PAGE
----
In its first year on the circuit, two-time 500 winner Michael Waltrip’s team was nearly expelled from the track for attempting to put jet fuel inside the engine of his NAPA Toyota. While Toyota has improved dramatically since, even winning the summer race here with Kyle Busch in 2008, it’s done no better than third in February.
The “Intimidator” Curse: From Zero To Hero?
Even casual sports fans remember Dale Earnhardt’s “reverse of the curse,” winning the 1998 Daytona 500 after 20 years’ worth of black cats, broken mirrors, cut tires and virtually every type of hard-luck story imaginable. In the 15 years since, no superstar has quite matched Big E’s legendary levels of frustration but there are plenty of drivers looking to break an “0-for” in the sport’s biggest race. Here’s a look:
Mark Martin 500 Record: 0-for-28 The Lowdown: 40 career wins, 55 poles, over 12,700 laps led. At 54 years old and a freee agent at season’s end, could this be Martin’s last great shot? Best 500 Finish: 2nd, 2007 Best Shot Thus Far: The sport’s best supporting actor with five runner-up finishes in the point standings had a similar “oh so close” moment at Daytona six years ago. Leading 26 laps in a Herculean effort with an organization that would go broke six months later, he was leading entering the final lap. But as a melee broke out behind him off Turn 4, Martin slowed ever so slightly, anticipating a caution that never came. Kevin Harvick slid by for the victory in the closest finish in Daytona 500 history and left Martin’s beach dreams adrift in the tide. The veteran has been no better than 10th since.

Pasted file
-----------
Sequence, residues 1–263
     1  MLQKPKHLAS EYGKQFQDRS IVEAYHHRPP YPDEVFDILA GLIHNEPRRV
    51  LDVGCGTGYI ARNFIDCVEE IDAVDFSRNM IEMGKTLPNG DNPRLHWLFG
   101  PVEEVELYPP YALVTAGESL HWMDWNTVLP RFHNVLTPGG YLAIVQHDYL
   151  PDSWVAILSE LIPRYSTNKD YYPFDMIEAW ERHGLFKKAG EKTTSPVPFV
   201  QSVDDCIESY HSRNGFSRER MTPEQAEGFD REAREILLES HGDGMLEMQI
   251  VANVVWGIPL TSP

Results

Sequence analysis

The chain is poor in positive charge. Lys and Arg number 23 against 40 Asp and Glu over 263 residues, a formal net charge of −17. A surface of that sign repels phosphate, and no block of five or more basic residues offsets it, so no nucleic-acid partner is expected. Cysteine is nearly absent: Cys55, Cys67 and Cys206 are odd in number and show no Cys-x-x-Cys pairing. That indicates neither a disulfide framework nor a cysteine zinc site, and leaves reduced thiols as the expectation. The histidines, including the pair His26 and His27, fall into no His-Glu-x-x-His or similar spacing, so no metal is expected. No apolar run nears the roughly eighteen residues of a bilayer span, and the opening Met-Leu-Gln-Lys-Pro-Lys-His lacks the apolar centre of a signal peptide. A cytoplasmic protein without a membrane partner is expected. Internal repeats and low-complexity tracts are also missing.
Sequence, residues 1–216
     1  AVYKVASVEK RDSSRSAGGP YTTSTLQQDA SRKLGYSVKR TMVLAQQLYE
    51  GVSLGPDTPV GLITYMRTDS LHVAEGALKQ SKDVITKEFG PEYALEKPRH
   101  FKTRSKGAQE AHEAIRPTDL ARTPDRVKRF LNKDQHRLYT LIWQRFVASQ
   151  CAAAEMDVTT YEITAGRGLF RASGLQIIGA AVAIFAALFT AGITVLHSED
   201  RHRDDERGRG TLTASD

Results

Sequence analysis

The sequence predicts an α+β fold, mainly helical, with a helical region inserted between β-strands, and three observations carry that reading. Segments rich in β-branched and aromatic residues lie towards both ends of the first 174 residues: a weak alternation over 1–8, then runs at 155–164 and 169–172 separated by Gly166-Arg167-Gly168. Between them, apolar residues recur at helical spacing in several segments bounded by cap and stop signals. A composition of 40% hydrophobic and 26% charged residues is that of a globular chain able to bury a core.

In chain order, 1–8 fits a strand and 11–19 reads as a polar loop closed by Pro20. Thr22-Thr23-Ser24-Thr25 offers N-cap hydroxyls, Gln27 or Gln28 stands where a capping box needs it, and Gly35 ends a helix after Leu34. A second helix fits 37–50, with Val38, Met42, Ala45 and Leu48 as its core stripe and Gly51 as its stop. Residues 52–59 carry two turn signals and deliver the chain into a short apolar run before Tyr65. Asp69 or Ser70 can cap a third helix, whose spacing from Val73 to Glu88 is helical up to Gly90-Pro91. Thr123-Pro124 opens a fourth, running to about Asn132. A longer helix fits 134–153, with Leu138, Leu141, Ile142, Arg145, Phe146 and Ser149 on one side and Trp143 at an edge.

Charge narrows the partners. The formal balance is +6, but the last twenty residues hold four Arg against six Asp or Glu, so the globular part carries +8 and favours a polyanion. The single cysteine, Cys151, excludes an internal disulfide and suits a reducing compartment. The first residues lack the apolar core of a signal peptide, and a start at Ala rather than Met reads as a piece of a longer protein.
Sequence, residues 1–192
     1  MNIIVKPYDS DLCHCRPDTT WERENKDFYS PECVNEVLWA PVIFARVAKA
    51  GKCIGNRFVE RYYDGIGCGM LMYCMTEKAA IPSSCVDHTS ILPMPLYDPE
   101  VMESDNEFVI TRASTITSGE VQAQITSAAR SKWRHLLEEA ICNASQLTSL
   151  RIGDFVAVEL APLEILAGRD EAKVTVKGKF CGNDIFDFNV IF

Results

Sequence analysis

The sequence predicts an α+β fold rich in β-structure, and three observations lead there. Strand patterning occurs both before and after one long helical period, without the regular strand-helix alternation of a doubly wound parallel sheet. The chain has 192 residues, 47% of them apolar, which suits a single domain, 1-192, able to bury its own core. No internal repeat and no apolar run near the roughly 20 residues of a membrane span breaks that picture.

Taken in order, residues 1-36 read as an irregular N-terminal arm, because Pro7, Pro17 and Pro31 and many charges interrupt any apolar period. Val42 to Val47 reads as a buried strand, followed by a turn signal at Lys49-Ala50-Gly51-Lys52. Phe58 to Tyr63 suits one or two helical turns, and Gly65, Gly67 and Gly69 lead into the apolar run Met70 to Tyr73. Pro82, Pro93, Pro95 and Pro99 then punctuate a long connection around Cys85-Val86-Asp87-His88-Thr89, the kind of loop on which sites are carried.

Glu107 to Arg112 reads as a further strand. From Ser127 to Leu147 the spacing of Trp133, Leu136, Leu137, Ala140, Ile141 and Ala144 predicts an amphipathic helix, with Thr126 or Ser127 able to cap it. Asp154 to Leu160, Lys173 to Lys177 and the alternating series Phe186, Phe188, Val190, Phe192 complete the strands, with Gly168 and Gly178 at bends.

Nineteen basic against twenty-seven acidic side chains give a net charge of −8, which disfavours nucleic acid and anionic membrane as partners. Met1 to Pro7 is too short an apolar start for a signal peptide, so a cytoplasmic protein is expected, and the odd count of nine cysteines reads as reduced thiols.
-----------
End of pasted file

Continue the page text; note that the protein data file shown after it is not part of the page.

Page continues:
500 Record: 0-for-14 The Lowdown: 47 wins in exactly 500 series starts, three Cup titles and wins at all but two tracks currently on the circuit (Darlington and Kentucky). Best 500 Finish: 2nd, 2004 Best Shot Thus Far: With nearly 300 laps led in the 500, no modern driver in NASCAR matches more with Earnhardt’s tales of woe. The lowest of the low came in 2007-08. The first year, Stewart was arguably the fastest car until being caught up in a wreck with rival Kurt Busch while cruising in formation well ahead of the field. Then, he had the trophy in sight entering the last lap in ’08, only for he and Toyota teammate Kyle Busch to get drafted past by Ryan Newman and (again) Busch.
500 Record: 0-for-19 The Lowdown: 21 Cup wins, four top-5 points finishes Bes 500 Finish: 2nd, 2000 Best Shot Thus Far: Burton, who didn’t even lead a lap in the big race until his ninth start (2002) has finished 24th or worse in the 500 nine times. But if there’s a darkhorse for the race, he could be it: both of Burton’s top-5 finishes in 2012 came at Daytona and teammate Kevin Harvick showed the muscled to win last weekend’s Sprint Unlimited.